What to Know
Prosecutors have called some 20 witnesses, seeking to prove Paul Manafort defrauded banks and concealed millions from the IRS
The prosecution is expected to rest its case Friday, the ninth day of the trial
Manafort is not being charged in connection with his Trump campaign work, but the special counsel continues his Russia investigation
A New York bank executive testified Friday that Paul Manafort received more than $16 million in loans after the bank's chairman expressed interest in joining Donald Trump's cabinet if he won the 2016 presidential election.
The testimony in the former Trump campaign chairman's financial fraud trial came after proceedings were halted for hours by mysterious backstage discussions between the judge and attorneys for both sides. Prosecutors now say they will wrap up their case against Manafort on Monday. Defense lawyers have not said whether they expect to call any witnesses after that.
It was a strange hiccup in nine days of proceedings that have been sometimes dramatic and featured tense exchanges between prosecutors and admittedly impatient U.S. District Judge T.S. Ellis III as he has pushed the government to speed up its case.
Ellis recessed the trial without explanation after huddling with his bailiff and attorneys from special counsel Robert Mueller's office and Manafort's lawyers for more than 20 minutes.
At one point, Ellis left the courtroom and headed toward the jury room. After bringing court back into session, he reminded jurors several times that they weren't to discuss the tax evasion and bank fraud case at all. That included telling them to not even comment on the attire of any witnesses.
The exchange came during a day in which jurors heard detailed testimony about Manafort's bank loans and about his New York Yankees luxury season ticket purchases — paid for from an offshore account that prosecutors say he concealed from the IRS.
Dennis Raico, an executive at Federal Saving Bank who testified under an immunity agreement, detailed for jurors how he grew uncomfortable by the actions of bank chairman Stephen Calk in the handling of Manafort's loans. Prosecutors have said that despite red flags, Calk pushed through the loans for Manafort because he wanted a job in the Trump administration.
During his testimony, Raico told jurors that Calk discussed roles in the Trump campaign ahead of approving the loans and later specifically referenced being a candidate for Secretary of the Treasury or Housing and Urban Development in messages he wanted Raico to pass to Manafort. Raico said he didn't relay Calk's messages because he thought they were inappropriate.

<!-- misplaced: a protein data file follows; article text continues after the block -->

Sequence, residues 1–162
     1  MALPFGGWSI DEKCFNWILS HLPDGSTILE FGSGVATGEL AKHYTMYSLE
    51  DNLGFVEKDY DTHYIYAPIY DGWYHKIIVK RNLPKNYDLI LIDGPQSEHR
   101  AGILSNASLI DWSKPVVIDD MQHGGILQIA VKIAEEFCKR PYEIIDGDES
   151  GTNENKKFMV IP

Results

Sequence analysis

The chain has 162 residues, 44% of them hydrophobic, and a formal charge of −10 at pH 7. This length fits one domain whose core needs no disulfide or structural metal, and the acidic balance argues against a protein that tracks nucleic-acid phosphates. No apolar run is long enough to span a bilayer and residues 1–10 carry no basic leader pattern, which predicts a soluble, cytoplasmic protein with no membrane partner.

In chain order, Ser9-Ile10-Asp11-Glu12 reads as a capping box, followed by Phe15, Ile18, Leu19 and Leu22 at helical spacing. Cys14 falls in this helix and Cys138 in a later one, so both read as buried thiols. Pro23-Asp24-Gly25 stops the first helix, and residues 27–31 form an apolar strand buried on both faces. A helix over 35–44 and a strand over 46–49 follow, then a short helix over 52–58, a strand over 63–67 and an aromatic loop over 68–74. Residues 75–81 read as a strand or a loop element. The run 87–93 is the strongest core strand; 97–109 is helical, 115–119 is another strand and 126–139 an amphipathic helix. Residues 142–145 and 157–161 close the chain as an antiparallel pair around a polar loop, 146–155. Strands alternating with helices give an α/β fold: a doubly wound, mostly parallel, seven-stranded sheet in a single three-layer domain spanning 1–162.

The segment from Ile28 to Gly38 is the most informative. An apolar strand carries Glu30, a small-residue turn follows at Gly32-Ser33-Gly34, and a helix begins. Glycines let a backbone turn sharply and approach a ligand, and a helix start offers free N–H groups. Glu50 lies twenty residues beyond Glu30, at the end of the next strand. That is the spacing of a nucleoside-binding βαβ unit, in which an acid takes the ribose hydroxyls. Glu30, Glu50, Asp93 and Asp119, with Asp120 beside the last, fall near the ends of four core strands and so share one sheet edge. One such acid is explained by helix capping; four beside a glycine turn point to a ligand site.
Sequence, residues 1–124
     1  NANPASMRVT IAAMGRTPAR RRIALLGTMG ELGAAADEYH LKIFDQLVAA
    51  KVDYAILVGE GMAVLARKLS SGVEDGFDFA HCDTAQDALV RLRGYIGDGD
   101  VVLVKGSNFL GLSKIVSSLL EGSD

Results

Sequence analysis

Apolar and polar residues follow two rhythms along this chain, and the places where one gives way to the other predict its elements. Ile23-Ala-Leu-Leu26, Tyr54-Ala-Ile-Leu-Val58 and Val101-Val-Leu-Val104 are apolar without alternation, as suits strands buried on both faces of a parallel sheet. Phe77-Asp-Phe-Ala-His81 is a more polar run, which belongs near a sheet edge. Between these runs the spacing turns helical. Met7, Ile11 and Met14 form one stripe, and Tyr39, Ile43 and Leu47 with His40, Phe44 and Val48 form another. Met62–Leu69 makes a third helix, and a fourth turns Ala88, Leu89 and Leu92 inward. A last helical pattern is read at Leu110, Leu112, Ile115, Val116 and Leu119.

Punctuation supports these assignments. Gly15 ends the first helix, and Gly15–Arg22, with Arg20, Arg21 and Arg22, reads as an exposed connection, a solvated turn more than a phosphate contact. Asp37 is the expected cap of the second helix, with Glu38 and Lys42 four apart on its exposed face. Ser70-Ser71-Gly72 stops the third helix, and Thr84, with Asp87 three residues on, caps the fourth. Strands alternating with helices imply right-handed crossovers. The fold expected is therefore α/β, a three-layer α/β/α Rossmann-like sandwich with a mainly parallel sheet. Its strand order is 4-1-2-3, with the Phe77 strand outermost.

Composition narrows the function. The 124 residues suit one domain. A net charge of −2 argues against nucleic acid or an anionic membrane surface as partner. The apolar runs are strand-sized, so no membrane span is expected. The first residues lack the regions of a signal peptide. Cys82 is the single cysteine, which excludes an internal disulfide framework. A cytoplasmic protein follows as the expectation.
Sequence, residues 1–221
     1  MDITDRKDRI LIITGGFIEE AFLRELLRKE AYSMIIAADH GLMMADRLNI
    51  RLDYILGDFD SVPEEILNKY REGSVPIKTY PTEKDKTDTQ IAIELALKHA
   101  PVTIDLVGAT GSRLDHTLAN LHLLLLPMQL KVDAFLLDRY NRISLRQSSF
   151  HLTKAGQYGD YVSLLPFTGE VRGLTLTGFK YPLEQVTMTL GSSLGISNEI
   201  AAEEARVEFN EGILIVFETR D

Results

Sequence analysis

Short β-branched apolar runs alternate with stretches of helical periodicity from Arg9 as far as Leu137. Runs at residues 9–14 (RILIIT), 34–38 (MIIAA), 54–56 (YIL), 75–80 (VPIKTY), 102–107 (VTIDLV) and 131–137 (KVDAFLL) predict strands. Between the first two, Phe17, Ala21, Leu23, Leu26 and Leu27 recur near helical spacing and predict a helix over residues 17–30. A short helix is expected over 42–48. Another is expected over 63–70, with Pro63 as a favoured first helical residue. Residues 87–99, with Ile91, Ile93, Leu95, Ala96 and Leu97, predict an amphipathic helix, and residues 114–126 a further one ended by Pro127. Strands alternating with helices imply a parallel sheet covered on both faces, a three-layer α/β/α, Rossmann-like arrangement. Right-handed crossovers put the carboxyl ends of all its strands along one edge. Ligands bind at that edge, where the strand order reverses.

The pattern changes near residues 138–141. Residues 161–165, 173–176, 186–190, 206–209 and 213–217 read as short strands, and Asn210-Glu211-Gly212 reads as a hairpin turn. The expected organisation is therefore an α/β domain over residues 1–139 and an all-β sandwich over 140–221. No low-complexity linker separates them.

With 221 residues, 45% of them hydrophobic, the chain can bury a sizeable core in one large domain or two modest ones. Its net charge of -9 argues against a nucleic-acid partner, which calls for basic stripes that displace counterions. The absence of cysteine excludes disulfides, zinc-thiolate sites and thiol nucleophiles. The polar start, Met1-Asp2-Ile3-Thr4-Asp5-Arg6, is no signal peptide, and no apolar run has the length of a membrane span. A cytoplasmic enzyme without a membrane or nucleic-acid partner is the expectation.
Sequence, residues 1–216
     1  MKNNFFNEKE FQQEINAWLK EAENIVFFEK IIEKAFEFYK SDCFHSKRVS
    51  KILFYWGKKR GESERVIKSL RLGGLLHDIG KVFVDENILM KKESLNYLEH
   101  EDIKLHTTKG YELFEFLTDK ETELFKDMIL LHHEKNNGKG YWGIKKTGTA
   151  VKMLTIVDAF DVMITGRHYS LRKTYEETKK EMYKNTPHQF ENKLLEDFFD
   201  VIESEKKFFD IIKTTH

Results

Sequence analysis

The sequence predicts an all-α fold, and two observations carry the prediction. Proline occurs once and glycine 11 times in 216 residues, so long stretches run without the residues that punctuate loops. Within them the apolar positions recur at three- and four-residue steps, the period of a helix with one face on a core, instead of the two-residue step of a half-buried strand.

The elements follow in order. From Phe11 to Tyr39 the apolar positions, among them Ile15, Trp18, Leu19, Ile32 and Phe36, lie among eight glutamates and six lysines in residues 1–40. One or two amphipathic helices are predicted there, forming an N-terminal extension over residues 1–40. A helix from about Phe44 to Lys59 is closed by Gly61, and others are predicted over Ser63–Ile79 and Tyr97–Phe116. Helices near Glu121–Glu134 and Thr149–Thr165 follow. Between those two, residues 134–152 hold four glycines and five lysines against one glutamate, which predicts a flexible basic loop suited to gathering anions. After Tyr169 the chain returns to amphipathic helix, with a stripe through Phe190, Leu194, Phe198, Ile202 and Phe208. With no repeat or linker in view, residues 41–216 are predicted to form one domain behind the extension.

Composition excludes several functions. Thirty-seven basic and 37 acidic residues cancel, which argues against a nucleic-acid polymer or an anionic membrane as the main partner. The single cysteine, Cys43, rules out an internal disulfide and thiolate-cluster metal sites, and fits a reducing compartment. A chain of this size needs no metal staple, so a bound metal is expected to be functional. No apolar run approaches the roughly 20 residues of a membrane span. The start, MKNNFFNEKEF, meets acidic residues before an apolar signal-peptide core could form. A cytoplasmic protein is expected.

Raico told jurors that a committee that Calk led approved Manafort's loan within one day. Raico also said Calk approved one of the loans, worth $9.5 million, after overruling the bank's president, who had expressed doubts that Manafort had enough income to pay back the debt.
Raico said that approval came despite underwriters finding several discrepancies between the income on Manafort's tax returns and the figures contained on financial statements he provided to the bank.
"A plus B didn't equal C all the time," Raico said of the discrepancies.
In previous testimony, witnesses have described other problems with documents Manafort submitted in attempts to obtain loans. And on Friday, prosecutors zeroed in a letter he submitted to explain a $300,000 balance on his American Express card.
Manafort had provided the bank with a letter saying he lent the card to his longtime deputy, Rick Gates, so Gates could buy about $300,000 in season tickets. But Irfan Kirimca, a senior director of ticket operations for the New York Yankees, told jurors the baseball team had no record of Gates' ever making such a purchase.
Kirimca also testified that Manafort paid for luxury season tickets to the Yankees using an offshore bank account in the name of Global Highways Limited, one of the offshore shell companies prosecutors say Manafort failed to report on his tax returns.
Friday's proceedings also featured a lighthearted moment between Ellis and prosecutor Greg Andres, who have tangled during the trial.
While questioning a witness, Andres noted he had forgotten to admit a document into evidence when he should have, prompting Ellis to retort, "Confession is good for the soul."
Andres responded, "I think my soul is in pretty good shape after this process," prompting laughter in the gallery.
The developments Friday came after jurors had endured testimony that sometimes ventured into the tedium of bank and tax records. The prosecution is the first to emerge from Mueller's investigation into Russian meddling in the presidential election, but neither Manafort nor Gates has been charged in connection with their Trump campaign work.
The prosecution has called more than 20 witnesses, including Gates, and introduced a trove of documentary evidence as they've sought to prove Manafort defrauded banks and concealed millions of dollars in offshore bank accounts from the IRS.